Sunday morning. Usually we have a pal for at least one of the boys. But not this Sunday. On a day like this, either Neil or I will watch the boys, and the other will attend the service. We take turns. However, this Sunday, Neil and I are supposed to help serve communion, an opportunity we both don’t want to miss.
In our church, several couples volunteer and are appointed to specific locations around the perimeter of the sanctuary. Neil and I usually have a back corner. As music plays, ushers direct each row of people to a station.
As each congregant takes a turn tearing off a piece of the bread I’m holding, I look at them and say, “The body of Christ, broken for you.” Then as they pass Neil, he offers a tiny cup of juice and says, “The blood of Christ, shed for you.”
In those few seconds, as each one stops to receive the bread (or gluten free cracker), time suspends just long enough to personally remeber the reason for Christ’s death. One might think that saying the same thing over and over would make the remembrance less meaningful. Not so. In fact, without trying to sound sacrilegious, I feel it’s as though I can almost glimpse Christ’s point of view from the cross as He sees each individual’s face and extends His forgiveness for our wrong-doing. Some come with a heart prepared to receive what He offers. Others come, but cannot make eye contact, almost as though shame still blocks their way. But still, they come.
Once everyone is served and back in their seats, our pastor gives the final reminder: “On that night, Jesus took the bread and He broke it saying, ‘This is My body, broken for you. Take, eat, and remember Me.’ Then Jesus took the cup and said, ‘This is My blood shed for You. Drink all of it, and remember Me.'” And together, as the bride of Christ, we remember why we are here. Not just Sunday morning. But everyday, living this life.
Only thirty minutes earlier, still on our way to church, my phone vibrated. Text message from Judah’s pal read, “Hey, Becky, I’ve hurt my ankle and am unable to walk without a pretty bad limp…” After several more texts, we concluded God would take care of it. No worries!
Now, here we were minutes before serving, and we still didn’t have anyone to hang out with Noah and Judah. To boot, as soon as we walked through the church doors, Judah took off running. So, while Neil was searching the campus for Judah, I was busy brainstorming our options. This is not how I saw this morning playing out.
Then it hit me. Why not have them serve with us? I could actually visualize it working out, although maybe not completely without flaw. Would Noah stand still? Would Judah taste test the bread before taking off again?
In my head, it seemed like a great opportunity for a teachable moment for Noah and Judah, maybe even the congregation. Would people be understanding or annoyed? Maybe it was time we learned to be the body of Christ. Why not?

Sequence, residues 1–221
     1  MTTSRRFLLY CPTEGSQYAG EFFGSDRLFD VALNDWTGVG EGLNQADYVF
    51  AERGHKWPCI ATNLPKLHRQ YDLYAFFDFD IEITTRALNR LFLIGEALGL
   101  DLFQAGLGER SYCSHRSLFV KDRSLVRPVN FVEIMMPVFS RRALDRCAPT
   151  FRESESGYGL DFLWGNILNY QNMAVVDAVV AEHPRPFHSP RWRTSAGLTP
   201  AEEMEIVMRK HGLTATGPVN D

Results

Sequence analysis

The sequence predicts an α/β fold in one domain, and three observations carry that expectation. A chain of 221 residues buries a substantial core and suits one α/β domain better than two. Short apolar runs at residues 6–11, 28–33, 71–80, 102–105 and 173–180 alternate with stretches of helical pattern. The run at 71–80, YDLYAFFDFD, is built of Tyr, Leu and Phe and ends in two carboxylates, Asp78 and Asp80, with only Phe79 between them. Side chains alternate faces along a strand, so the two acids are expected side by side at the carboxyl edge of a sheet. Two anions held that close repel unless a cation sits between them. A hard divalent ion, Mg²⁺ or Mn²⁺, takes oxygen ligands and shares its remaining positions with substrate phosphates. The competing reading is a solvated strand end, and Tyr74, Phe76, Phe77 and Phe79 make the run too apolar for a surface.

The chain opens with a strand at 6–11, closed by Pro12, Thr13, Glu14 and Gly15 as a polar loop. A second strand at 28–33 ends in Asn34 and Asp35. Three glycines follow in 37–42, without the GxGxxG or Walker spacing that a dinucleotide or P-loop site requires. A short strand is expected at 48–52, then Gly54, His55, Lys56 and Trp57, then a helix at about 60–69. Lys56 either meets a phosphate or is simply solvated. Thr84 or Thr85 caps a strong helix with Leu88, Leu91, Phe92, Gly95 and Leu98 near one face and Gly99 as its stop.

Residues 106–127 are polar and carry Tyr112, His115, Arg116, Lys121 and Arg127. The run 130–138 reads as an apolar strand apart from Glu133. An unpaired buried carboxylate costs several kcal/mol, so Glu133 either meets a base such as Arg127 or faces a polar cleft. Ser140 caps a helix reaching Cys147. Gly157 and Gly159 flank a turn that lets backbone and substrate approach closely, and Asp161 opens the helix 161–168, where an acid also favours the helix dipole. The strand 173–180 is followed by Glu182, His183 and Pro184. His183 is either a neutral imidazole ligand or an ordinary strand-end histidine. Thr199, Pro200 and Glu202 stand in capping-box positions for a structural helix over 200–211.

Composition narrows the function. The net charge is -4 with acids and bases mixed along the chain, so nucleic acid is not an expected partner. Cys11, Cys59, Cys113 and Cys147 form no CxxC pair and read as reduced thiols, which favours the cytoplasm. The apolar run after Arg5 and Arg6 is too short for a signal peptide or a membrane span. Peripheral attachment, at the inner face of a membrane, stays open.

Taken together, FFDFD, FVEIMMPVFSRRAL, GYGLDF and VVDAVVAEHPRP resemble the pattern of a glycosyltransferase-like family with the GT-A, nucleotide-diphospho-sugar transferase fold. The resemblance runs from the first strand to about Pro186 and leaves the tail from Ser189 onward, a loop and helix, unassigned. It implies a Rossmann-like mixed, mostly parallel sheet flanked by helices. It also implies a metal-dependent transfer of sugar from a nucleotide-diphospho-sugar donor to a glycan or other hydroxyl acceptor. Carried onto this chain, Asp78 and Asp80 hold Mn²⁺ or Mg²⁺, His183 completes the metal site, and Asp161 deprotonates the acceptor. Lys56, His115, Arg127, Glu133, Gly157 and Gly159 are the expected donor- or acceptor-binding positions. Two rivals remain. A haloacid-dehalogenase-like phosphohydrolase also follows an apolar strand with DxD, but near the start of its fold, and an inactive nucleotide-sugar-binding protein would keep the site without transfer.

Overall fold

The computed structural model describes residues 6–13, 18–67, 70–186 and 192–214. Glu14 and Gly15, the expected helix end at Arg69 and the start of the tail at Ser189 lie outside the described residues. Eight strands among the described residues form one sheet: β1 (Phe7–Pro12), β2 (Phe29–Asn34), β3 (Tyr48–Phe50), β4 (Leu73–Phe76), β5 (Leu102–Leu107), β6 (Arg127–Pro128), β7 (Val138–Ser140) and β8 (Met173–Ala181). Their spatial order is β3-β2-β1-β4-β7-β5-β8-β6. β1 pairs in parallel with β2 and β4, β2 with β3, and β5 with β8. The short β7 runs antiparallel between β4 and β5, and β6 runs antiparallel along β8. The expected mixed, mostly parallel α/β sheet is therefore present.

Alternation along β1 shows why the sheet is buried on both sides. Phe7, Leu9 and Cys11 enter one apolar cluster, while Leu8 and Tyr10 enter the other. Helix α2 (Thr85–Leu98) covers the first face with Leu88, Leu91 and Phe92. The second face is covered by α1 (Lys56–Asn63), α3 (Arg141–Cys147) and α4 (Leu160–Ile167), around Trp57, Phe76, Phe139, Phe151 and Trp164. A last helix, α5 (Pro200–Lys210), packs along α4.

After quickly getting the pastor’s permission to proceed, while Neil continued his search for Judah, I began prepping Noah. “Noah, would you like to help Dad and me serve communion?
“Yes.” His bewildered expression conflicted with his answer. So, I briefly explain it.
“Okay, here’s what you say, Noah: ‘The body of Christ, broken for you.’ ”
I repeated that a few more times and had him repeat after me. Then the words sunk in. All of a sudden, Noah’s eyebrows wrinkled in worried concern. “Oh, no!”
” ‘Oh, no?’ Oh! That’s right, Noah! That was a big ‘oh no’! But it’s not ‘oh, no’. It was God’s plan of provision for us!”
“Yes, Jesus Christ was broken. His life was taken…”
“Oh, NO! He’s BROKE!”
“But, Noah, He’s not still ‘broke.’ He’s all better. He is alive today!”
“All better? Not broken.” His expression changed from worry to reassurance.
“Yes. We’re just remembering that His body was broken. We remember His brokenness in order to remember our brokenness. Remember, Noah? His forgiveness makes us clean inside.” (see post https://mosaiclifeblog.wordpress.com/2015/09/10/cleaned-up-for-a-bath/). Now Jesus is alive. Not broken. And His forgiveness makes us not broken anymore, too. We are alive because He lives.”
Did Noah understand? I don’t know. I’ll just let the Holy Spirit take care of that. I was beginning to wonder if this was a good idea after all. I mean, would Noah understand that the sourdough bread is just a symbol of Christ’s body, and we don’t actually pray to a loaf of bread?
I was having my doubts when Neil walked around the corner with Judah and Kyle, Judah’s limping pal. Apparently, Kyle texted one of his buddies who was sitting in the service and asked if he could help out. A few minutes later, Neil and I were shaking hands as introductions were made. Our new friend was happy to watch the boys while we served communion.
On the way home, I began thinking about the way our morning played out. Often, it can look like life is going awry. But I’d have to say that although our morning caught us off guard, God was not scrambling for Plan B.
I mean, when you have kids that never ask questions about anything, how do you just slide the topic of “why we take communion” into a conversation? Or how does a parent “organically” create a situation to explain why we remember Christ’s death? It can be difficult enough to grasp as an adult or a child with no neurological disabilities. Throw autism into the mix, and the challenge increases. However, while our abilities are limited and even “broken” in places, God’s Spirit is not.
In the words of Joni Eareckson Tada, “If you are paralyzed, you can still walk with God. If you are deaf, you are still able to hear the Word of God. If you are blind, you are, nevertheless, able to see the Light. And even if you are mentally handicapped, you can still have the Mind of Christ” (Joni Eareckson Tada, God’s Word on Disability, p.432).
Nothing catches God off guard. All God’s provision in His time…
Everything, perfectly, according to plan —His plan.